Biomedical Sciences - Physiology Interdisciplinary - Ph.D.
School of Biomedical Sciences
The Ph.D. degree in Biomedical Sciences–Physiology Interdisciplinary prepares graduates in areas that include cardiovascular, pulmonary, endocrine and neuroendocrine, reproductive or exercise physiology. In this context, emphasis is placed on an integrative approach for both research and graduate education. As with other program areas, the physiology program takes advantage of the latest molecular and cellular techniques to address questions related to human diseases.
Faculty members are drawn from various departments at Kent State University, the Northeast Ohio Medical University (NEOMED) and the Lerner Research Institute of the Cleveland Clinic. Although graduate work may be completed in any of the various research areas, faculty are listed in two general specializations: (1) environmental and comparative physiology and (2) cardiopulmonary and exercise physiology. Each specialization addresses different subject areas of physiology and each has an associated training faculty. The degree program is research oriented and designed to provide students with a thorough grounding in physiological principles and techniques within several well-defined focus areas.
FULLY OFFERED AT:
- Kent Campus
- Master's degree1
- Official transcript(s)
- 3.0 GPA
- GRE scores
- Goal statement
- Three letters of recommendation
English Language Proficiency Requirements for International Students: All international students must provide proof of English language proficiency (unless they meet specific exceptions) by earning a minimum 600 TOEFL score (100 on the Internet-based version), minimum 85 MELAB score, minimum 7.0 IELTS score or minimum 68 PTE Academic score. For more information on international admission, visit the Office of Global Education’s admission website. Effective spring 2018.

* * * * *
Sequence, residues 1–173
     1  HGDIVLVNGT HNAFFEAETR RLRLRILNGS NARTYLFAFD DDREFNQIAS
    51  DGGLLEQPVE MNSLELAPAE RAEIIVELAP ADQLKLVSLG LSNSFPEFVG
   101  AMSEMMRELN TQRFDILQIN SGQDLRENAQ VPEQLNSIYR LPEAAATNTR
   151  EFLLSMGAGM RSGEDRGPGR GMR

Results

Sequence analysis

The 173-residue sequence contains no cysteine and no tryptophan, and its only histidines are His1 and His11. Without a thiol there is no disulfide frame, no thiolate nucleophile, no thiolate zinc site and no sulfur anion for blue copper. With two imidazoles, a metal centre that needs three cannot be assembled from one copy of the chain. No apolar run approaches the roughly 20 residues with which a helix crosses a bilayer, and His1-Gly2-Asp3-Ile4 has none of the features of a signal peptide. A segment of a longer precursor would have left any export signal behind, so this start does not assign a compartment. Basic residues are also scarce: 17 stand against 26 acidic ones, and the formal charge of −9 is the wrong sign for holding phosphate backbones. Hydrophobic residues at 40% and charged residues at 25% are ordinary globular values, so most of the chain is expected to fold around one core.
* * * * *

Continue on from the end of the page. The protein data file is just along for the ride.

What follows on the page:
For more information about graduate admissions, please visit the Graduate Studies website.
Students without a master's degree may be permitted direct matriculation to the doctoral program following completion of no less than 20 credit hours of graduate coursework (including the core) and with the recommendation of the student’s guidance committee and the school director. Normally, a student is admitted to the master’s program prior to doctoral work, but a student holding only a baccalaureate may be admitted directly into the doctoral program in exceptional cases.
Program Learning Outcomes
Graduates of this program will be able to:
- Publish their research in peer-reviewed journals.
- Demonstrate the ability to teach undergraduate students.
- Seek employment after graduation in fields that reflect their area of training.
|BMS 80199||DISSERTATION I 1||30|
|CHEM 50245||BIOCHEMICAL FOUNDATIONS OF MEDICINE||4|
|Choose from the following:||6-7|
|MEDICAL PHYSIOLOGY I |
and MEDICAL PHYSIOLOGY II
|MAMMALIAN PHYSIOLOGY I |
and MAMMALIAN PHYSIOLOGY II
|Choose from the following:||3-9|
|RESEARCH PROCESSES IN ATHLETIC TRAINING AND EXERCISE PHYSIOLOGY |
and QUANTITATIVE AND RESEARCH METHODS IN ATHLETIC TRAINING AND EXERCISE PHYSIOLOGY
and ADVANCED RESEARCH DESIGN AND STATISTICS IN EXERCISE PHYSIOLOGY
|QUANTITATIVE STATISTICAL ANALYSIS I 2|
|Choose from the following:||4-6|
|CELLULAR AND MOLECULAR NEUROSCIENCE 2|
|ENERGY METABOLISM AND BODY COMPOSITION |
and CARDIO-RESPIRATORY FUNCTION
|Electives Approved by Advisory Committee||4-13|
|Minimum Total Credit Hours:||60|
Each doctoral candidate, upon admission to candidacy, must register for BMS 80199 for a total of 30 credit hours. It is expected that a doctoral candidate will continuously register for Dissertation I, and thereafter BMS 80299, each semester, including one term each summer, until all requirements for the degree have been met.